If there's a question that plant based eaters soon get used to hearing, it's "where do you get your protein?"
The protein requirements laid out by the WHO are conservative overestimates, which means that a majority of wholefoods, most especially vegetables, nuts, seeds, whole grains and legumes will provide sufficient protein without the need for supplementation or powders or highly processed protein-enriched snacks. All wholefoods, even fruits, make a contribution to our protein needs, and the overwhelming majority of the other plant foods are actually complete proteins ie they contain all the essential amino acids required for humans. So why do we think they aren't? Why are we so often told that we must have beans with our rice, for example in order to make a meal which is adequate in protein?
There are probably two reasons for this; the first is simply a case of us being stuck in the past with old science. The first investigations into protein were carried out over 100 years ago on rats whose requirements for protein are more demanding than ours but as this wasn't known, we worked on the assumption that what was right for rats, was appropriate for humans, too. This knowledge was updated in the 1940s and ultimately incorporated into the current WHO recommendations, however like other long-established study results, the updated version doesn't always filter through very quickly to the rest of us.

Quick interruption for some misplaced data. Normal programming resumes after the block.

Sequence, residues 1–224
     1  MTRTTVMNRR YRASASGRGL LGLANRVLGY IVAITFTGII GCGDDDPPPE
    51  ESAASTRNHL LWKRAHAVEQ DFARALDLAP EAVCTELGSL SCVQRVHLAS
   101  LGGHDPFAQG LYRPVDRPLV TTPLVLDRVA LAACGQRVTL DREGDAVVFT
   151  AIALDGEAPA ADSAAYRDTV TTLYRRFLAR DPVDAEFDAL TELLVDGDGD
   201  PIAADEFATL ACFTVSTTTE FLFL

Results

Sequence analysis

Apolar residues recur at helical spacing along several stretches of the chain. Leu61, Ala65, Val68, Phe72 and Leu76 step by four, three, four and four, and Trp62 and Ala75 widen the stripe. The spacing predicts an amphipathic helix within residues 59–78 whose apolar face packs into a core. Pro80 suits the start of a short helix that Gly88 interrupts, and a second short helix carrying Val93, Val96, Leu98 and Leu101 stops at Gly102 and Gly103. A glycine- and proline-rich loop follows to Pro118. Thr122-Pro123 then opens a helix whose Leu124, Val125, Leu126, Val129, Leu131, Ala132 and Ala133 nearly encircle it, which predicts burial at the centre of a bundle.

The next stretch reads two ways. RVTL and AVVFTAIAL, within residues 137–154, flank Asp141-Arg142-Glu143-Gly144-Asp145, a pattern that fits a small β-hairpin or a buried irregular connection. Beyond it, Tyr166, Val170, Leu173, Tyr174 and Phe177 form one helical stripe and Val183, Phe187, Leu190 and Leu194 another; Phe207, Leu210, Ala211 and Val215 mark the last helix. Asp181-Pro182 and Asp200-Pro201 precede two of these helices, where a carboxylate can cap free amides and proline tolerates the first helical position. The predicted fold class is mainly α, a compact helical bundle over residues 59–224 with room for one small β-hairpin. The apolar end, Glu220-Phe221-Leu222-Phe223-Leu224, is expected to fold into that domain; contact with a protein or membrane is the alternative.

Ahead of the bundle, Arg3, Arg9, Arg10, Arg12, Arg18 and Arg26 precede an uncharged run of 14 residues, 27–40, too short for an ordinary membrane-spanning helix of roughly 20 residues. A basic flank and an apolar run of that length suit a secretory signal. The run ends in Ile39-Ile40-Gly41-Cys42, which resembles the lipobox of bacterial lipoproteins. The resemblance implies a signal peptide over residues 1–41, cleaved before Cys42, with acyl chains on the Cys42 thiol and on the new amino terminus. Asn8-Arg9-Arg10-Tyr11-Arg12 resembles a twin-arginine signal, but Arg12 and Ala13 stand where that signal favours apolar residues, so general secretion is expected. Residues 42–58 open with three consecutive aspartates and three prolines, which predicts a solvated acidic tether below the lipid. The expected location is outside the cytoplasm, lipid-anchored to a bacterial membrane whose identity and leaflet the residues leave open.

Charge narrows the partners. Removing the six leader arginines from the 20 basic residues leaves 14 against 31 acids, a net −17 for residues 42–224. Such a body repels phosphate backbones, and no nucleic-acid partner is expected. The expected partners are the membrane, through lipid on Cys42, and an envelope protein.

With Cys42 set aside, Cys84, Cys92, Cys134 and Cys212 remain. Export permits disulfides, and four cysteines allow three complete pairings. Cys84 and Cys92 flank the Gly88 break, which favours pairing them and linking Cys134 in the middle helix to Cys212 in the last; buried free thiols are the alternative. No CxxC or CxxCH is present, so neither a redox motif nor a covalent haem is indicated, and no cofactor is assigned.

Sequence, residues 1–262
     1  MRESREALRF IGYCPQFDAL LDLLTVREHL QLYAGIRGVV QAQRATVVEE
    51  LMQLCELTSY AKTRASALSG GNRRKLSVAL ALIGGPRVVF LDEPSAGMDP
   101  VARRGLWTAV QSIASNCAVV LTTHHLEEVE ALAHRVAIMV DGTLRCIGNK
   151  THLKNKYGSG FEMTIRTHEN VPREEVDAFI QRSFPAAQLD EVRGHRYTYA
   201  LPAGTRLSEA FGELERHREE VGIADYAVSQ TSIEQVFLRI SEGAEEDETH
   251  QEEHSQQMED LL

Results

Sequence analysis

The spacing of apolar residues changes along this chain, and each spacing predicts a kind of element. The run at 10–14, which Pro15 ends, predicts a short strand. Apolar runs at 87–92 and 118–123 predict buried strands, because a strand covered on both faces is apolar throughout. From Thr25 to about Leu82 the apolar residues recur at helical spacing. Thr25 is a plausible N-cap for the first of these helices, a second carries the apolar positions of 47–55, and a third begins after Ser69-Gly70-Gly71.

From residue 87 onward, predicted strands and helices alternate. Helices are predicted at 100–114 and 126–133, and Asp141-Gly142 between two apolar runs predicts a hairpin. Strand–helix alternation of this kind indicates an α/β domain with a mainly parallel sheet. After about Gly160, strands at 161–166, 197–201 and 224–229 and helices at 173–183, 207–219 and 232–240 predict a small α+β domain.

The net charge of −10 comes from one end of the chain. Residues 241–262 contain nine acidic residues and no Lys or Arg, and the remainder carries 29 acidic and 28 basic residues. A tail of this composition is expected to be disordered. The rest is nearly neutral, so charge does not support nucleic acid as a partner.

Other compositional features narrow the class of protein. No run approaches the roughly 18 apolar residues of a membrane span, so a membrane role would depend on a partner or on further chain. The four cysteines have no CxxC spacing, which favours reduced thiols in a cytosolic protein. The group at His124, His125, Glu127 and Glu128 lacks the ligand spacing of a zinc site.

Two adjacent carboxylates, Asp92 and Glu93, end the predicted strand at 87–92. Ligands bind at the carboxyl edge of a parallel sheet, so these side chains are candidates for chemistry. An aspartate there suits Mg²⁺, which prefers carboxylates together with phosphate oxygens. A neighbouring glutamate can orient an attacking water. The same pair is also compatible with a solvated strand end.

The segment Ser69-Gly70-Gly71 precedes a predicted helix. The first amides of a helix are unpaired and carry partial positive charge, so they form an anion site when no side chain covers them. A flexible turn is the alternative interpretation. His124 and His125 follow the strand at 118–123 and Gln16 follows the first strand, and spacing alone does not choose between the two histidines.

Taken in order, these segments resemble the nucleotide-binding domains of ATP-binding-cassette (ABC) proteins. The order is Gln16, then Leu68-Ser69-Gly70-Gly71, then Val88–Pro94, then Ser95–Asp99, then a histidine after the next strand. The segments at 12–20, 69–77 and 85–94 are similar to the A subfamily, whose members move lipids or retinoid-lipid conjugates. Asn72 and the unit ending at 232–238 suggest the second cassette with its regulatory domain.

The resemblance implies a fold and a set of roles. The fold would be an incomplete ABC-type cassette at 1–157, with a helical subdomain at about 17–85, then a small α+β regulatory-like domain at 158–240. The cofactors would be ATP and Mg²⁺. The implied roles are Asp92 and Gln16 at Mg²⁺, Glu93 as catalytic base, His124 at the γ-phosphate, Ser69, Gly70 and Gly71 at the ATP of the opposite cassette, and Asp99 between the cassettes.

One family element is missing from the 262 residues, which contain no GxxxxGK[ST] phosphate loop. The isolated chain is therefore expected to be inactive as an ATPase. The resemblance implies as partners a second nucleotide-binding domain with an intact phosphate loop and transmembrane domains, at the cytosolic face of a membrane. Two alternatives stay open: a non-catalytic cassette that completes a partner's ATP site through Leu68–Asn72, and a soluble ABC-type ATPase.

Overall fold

But to return to the rice and beans example, whilst both are complete proteins, the suggestion that we combine them is probably very sensible, especially with respect to the rice - the majority of Britons eat white rice which, like any other refined grain can no longer be considered a complete protein. It is for this and many other reasons that we, Graham and Annette, focus 100% on wholefoods, anything else provides bulk but little meaningful nutrition.
Of course, it's worth adding that the information above is based on the assumption that we're eating adequate quantities of foods for our daily energy needs, determined by our size and level of activity. Most of us aren't challenged to eat enough, so we can do this, secure in the knowledge that plants most certainly do contain protein and a varied wholefoods diet, will provide adequate amounts rather than too little or, indeed, too much!